When offence is not the best defense

Like every Indian boy, I grew up aspiring to be a cricketer.

I was an aggressive batsman and I modelled myself after my cricketing heroes – other aggressive batsmen like Sachin Tendulkar and Virender Sehwag. However, my coach had other plans. He insisted that I master the basis of defensive batting ahead of flashy sweeps, cuts and hooks. In fact, he would only let me bat in the nets once my defensive form was correct.

Back then, I had rebelled against this approach. As a consequence my dreams of making it big as a cricketer went nowhere.

However, there is an inherent asymmetry with batting in cricket. Batting is a risky affair. Despite having faced 300 balls successfully, all it takes is one ball to send you back to the pavilion. On the other hand, the biggest reward you can receive from each ball is to score 6 runs off it – an act that is risky and involves tremendous effort. Therefore, it is more essential as a batsman to play a long-term game – to protect your wicket ahead of scoring at a rapid rate. Ergo, to master your defensive game first. I only wish my coach would have explained this back then.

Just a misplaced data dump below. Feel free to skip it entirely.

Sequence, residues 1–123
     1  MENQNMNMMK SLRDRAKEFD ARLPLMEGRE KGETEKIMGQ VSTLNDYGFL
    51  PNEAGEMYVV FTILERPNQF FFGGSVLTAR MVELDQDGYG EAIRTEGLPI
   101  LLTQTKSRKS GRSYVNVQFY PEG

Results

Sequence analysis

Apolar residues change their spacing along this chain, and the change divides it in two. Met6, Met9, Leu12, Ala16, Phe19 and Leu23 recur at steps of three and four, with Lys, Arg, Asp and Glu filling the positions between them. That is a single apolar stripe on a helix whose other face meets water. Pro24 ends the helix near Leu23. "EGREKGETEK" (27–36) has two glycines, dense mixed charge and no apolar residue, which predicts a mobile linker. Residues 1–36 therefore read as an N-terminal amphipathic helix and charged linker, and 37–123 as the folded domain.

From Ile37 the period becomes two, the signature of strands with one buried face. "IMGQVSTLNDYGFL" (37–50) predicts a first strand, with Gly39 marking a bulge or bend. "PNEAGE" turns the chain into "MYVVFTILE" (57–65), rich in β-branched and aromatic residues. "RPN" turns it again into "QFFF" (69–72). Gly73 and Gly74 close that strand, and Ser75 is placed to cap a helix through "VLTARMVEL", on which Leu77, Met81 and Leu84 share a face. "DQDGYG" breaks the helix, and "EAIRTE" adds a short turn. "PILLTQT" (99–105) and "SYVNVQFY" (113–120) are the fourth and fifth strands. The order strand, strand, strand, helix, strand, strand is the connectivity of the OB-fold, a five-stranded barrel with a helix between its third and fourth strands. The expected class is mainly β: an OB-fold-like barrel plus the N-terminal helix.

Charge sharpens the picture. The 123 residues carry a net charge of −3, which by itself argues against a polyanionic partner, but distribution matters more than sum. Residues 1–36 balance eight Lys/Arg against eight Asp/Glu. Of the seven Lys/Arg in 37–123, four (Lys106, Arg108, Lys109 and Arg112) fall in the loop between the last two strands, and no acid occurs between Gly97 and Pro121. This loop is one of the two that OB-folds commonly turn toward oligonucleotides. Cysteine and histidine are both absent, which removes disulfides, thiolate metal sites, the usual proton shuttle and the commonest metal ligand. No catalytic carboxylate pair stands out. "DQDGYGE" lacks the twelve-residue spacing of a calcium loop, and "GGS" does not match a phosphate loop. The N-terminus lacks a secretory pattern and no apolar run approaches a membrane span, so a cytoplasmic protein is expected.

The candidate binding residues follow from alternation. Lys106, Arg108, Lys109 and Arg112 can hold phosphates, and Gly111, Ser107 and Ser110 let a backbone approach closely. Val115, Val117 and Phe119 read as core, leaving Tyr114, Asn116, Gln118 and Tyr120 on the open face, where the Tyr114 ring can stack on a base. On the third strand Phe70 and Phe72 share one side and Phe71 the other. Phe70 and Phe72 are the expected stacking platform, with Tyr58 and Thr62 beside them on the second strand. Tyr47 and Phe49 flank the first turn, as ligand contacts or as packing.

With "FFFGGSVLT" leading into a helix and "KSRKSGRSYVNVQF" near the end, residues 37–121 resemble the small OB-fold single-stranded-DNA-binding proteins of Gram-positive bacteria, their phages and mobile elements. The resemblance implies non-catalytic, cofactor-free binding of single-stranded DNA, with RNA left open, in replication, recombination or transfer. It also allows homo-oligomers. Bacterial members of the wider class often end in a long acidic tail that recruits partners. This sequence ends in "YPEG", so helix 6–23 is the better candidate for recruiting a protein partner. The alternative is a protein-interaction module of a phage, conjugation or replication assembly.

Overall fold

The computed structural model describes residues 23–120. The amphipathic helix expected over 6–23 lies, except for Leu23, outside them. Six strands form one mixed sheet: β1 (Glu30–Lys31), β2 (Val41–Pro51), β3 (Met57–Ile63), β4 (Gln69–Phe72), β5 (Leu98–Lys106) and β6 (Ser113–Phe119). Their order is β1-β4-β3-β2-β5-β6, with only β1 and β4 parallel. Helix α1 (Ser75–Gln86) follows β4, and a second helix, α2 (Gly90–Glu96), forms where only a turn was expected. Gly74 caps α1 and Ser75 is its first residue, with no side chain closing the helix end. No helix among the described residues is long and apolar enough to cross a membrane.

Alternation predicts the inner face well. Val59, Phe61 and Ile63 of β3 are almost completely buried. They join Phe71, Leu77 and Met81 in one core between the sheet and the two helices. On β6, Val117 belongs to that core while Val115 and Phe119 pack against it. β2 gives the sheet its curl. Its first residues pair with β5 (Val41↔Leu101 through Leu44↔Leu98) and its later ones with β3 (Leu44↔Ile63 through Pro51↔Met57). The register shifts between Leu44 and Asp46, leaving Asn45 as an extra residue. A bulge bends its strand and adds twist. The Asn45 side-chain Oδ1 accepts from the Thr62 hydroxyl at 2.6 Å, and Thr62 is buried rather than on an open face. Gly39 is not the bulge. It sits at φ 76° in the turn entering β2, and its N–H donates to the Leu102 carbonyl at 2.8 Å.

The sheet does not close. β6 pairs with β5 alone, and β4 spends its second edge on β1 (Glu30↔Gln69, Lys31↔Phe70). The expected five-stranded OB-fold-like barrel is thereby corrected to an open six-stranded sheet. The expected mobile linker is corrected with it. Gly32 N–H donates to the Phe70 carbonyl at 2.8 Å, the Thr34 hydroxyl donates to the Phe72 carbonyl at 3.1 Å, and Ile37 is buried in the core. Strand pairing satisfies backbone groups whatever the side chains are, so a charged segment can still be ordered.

As a batsman in cricket, offense isn’t the best defense due to the risk-reward asymmetry that is built into the game’s rules. This does not hold for other games, such as basketball or chess, where this asymmetry isn’t as pronounced.

It makes sense to put safety ahead of speed and buy insurance ahead of investment. Whenever we face asymmetric risks to reward, offence is not the best defense.

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